ISW published a special edition campaign assessment. This report discusses Russia’s religious repressions throughout occupied Ukraine since the start of the Russian full-scale invasion of Ukraine on February 24, 2022.
Russia continues to weaponize religion in an effort to discredit Ukraine in the international arena and is using information operations about religion to advance military objectives despite itself committing gross violations of religious freedom in occupied Ukraine. Russia may use the upcoming Orthodox Easter holiday on April 16 in an effort to delay Ukrainian counteroffensives by calling for a ceasefire out of respect for the Orthodox religion despite the fact that Russia has shown no such respect for religion in areas its forces occupy. Russian religious persecutions are likely also part of an ongoing Russian cultural genocide and ethnic cleansing campaign aimed at extirpating the idea of an independent Ukrainian nationality or Ukrainian Orthodox Church.
Russian occupation authorities are likely conducting a campaign of systematic religious persecution in occupied Ukraine. Since Russia’s full-scale invasion of Ukraine in February 2022 Russian soldiers or occupations authorities have reportedly committed at least 76 acts of religious persecution in Ukraine. Russian authorities have closed, nationalized, or forcefully converted at least 26 places of worship to the Kremlin-controlled Russian Orthodox Church of the Moscow Patriarchate, killed or seized at least 29 clergy or religious leaders, and looted, desecrated, or deliberately destroyed at least 13 places of worship in occupied Ukraine. These cases of religious repression are not likely isolated incidents but rather part of a deliberate campaign to systematically eradicate “undesirable” religious organizations in Ukraine and promote the Moscow Patriarchate.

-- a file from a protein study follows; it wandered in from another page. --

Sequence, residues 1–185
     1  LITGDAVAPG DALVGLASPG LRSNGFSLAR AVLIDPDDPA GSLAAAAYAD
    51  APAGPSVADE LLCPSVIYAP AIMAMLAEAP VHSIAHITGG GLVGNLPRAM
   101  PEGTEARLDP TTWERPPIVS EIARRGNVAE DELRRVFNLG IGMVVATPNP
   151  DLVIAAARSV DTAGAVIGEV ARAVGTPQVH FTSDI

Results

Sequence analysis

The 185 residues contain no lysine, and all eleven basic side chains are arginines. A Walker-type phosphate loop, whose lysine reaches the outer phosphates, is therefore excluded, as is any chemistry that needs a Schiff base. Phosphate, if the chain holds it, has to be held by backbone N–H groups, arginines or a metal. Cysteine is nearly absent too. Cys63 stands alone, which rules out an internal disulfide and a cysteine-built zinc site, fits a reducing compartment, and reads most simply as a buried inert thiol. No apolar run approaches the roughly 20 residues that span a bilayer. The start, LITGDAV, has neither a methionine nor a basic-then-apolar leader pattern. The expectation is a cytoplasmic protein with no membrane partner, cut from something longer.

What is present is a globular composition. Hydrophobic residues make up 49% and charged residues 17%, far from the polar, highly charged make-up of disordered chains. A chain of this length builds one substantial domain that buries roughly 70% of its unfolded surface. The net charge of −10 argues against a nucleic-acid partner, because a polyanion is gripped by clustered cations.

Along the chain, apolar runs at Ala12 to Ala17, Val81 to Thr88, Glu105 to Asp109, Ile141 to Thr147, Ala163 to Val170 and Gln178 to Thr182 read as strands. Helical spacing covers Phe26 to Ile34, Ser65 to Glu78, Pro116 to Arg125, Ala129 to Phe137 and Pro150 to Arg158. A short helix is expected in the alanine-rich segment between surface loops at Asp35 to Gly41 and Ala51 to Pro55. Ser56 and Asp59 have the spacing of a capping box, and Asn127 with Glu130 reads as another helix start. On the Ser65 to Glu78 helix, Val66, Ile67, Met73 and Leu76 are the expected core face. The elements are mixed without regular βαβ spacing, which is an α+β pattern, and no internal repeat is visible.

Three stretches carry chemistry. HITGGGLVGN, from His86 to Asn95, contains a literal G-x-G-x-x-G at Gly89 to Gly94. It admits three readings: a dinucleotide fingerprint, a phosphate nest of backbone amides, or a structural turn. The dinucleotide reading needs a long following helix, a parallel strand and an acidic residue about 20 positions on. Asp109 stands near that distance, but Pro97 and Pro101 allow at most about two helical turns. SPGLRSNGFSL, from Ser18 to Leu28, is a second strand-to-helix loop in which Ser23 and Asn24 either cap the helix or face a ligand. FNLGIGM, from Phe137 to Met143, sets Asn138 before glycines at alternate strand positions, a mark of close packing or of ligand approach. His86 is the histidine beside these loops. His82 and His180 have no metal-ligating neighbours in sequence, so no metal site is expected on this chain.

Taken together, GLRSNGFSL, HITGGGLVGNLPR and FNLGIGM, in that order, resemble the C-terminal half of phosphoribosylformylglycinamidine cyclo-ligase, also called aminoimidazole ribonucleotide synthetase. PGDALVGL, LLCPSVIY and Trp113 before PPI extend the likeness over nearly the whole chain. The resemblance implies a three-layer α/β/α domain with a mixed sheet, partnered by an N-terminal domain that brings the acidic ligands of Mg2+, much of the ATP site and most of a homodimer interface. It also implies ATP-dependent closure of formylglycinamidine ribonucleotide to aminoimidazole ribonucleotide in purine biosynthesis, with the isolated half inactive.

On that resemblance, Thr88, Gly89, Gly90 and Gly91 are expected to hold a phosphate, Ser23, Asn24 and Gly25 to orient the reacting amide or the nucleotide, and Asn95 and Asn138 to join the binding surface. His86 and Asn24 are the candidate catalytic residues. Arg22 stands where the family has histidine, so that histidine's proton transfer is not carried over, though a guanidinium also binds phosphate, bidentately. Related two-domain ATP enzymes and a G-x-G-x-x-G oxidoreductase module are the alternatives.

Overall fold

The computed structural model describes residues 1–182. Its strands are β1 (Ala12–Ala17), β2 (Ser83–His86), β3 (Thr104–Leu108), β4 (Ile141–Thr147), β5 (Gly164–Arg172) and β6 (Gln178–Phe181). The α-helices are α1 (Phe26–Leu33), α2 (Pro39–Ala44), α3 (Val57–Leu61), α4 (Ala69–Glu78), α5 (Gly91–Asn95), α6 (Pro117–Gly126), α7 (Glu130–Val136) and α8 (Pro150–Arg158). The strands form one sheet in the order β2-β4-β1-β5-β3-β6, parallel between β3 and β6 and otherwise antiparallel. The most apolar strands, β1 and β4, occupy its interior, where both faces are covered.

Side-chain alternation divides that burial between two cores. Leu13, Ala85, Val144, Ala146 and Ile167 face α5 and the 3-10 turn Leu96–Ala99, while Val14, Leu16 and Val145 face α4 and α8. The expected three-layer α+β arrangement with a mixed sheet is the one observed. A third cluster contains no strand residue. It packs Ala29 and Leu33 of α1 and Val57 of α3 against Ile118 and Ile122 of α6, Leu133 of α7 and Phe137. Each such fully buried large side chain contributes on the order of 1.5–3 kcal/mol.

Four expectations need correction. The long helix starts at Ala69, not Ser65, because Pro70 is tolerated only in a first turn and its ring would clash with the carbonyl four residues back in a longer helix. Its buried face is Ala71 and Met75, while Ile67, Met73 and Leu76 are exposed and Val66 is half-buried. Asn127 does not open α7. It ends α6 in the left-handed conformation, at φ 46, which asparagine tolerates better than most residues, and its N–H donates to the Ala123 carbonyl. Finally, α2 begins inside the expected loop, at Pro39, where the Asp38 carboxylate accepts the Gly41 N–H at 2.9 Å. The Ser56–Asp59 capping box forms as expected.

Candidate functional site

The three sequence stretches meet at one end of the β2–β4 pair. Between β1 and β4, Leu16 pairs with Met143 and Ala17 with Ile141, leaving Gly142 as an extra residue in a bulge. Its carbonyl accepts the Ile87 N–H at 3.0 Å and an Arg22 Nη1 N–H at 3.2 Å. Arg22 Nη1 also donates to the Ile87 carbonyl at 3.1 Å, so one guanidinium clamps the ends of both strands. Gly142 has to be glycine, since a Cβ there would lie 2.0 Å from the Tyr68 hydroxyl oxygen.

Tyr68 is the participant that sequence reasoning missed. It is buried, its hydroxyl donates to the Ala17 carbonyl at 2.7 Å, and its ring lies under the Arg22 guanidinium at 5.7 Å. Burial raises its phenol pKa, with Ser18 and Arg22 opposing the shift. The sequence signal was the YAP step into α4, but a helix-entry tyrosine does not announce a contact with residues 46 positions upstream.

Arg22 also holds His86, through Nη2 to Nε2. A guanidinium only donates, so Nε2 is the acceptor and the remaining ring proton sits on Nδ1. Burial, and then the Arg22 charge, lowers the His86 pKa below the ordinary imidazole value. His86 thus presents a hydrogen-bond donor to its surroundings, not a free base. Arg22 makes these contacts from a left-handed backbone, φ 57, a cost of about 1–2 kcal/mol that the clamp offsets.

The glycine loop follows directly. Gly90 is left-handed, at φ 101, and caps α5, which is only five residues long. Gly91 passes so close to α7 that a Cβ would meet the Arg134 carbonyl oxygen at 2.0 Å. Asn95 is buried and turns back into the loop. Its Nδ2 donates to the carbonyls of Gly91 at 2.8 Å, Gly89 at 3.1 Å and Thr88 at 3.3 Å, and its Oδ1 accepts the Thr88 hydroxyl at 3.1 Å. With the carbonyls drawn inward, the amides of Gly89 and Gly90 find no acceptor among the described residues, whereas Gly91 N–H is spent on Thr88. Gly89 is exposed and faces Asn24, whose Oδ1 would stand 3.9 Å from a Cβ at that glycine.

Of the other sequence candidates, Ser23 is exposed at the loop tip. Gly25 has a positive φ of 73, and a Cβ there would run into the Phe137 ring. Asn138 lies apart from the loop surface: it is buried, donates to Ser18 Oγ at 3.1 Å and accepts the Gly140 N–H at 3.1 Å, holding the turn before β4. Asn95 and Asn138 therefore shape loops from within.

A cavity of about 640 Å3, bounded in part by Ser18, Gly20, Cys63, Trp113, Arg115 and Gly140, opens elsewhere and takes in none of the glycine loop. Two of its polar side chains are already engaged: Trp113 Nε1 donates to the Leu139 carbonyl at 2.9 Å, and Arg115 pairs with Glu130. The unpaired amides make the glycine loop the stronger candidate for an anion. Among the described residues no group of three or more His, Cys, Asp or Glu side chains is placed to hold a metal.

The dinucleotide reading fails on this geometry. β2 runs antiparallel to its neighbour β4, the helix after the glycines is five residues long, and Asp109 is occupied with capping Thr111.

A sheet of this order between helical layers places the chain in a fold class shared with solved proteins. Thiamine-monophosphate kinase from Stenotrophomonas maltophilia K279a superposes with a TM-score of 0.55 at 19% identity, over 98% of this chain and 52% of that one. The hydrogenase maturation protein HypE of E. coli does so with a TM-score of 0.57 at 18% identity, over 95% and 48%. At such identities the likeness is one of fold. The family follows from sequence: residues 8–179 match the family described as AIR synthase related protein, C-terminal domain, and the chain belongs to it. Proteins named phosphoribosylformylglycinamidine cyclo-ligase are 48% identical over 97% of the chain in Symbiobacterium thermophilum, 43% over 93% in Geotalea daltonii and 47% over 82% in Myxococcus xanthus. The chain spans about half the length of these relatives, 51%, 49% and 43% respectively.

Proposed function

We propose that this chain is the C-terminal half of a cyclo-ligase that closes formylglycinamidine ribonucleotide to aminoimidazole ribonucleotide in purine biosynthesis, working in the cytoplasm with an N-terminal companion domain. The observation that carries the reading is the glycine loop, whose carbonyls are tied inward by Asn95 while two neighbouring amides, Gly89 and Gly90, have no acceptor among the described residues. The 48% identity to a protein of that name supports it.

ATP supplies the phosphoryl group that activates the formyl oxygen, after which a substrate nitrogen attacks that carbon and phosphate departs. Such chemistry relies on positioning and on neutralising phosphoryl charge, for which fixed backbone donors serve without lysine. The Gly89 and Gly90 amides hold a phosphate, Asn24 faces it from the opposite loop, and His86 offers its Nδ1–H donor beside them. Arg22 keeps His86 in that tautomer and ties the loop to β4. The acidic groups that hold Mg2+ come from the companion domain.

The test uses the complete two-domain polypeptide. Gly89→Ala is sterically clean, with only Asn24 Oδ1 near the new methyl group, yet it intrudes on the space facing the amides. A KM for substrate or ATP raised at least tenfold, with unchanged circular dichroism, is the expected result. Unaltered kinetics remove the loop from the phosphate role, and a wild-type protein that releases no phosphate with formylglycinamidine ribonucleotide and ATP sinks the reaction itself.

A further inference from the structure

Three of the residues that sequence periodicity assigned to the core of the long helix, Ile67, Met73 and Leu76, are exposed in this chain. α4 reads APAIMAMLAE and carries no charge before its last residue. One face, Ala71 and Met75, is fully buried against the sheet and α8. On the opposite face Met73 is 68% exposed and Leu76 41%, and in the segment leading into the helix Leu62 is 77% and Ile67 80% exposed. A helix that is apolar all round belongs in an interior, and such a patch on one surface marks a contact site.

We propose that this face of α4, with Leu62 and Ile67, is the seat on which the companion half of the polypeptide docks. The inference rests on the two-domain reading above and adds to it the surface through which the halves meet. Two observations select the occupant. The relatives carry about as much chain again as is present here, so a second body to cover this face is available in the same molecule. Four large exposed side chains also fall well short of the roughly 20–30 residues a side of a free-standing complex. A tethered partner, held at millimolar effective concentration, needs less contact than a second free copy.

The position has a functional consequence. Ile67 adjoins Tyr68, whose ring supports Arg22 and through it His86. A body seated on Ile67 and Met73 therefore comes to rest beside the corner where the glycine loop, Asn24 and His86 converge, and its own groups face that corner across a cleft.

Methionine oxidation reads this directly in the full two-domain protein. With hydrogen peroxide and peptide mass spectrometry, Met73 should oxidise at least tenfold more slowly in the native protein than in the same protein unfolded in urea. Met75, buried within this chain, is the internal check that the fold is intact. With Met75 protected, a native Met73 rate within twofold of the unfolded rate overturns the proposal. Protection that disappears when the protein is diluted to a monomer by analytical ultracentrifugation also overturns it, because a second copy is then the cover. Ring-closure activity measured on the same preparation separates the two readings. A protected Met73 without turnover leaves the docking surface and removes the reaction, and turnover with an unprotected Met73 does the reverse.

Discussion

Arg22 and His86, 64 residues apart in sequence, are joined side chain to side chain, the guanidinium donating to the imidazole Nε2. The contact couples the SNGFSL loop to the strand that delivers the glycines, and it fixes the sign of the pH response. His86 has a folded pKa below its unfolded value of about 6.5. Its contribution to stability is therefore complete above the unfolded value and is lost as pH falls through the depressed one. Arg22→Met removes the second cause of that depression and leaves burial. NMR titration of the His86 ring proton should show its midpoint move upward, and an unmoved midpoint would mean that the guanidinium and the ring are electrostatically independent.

This study contains only a small subset of all reported Russian religious persecution events against religious groups in Ukraine. ISW did not include events where indirect fire may have unintentionally killed religious leaders or destroyed places of worship. (This report specifically does not include all 494 religious buildings that the Russian military reportedly wholly destroyed, damaged, or looted, according to the independent Kyiv-based Institute for Religious Freedom as of February 2023 because ISW cannot assess intentionality in all those cases, for example.) The events included in this study are drawn from reports of Russian forces – usually infantry, security personnel, or occupation officials – deliberately coercing religious groups. This report also excludes many instances of Russian religious repressions in areas Russian forces have occupied from spring 2014 to February 24, 2022, to focus on more recent persecutions in newly-occupied areas.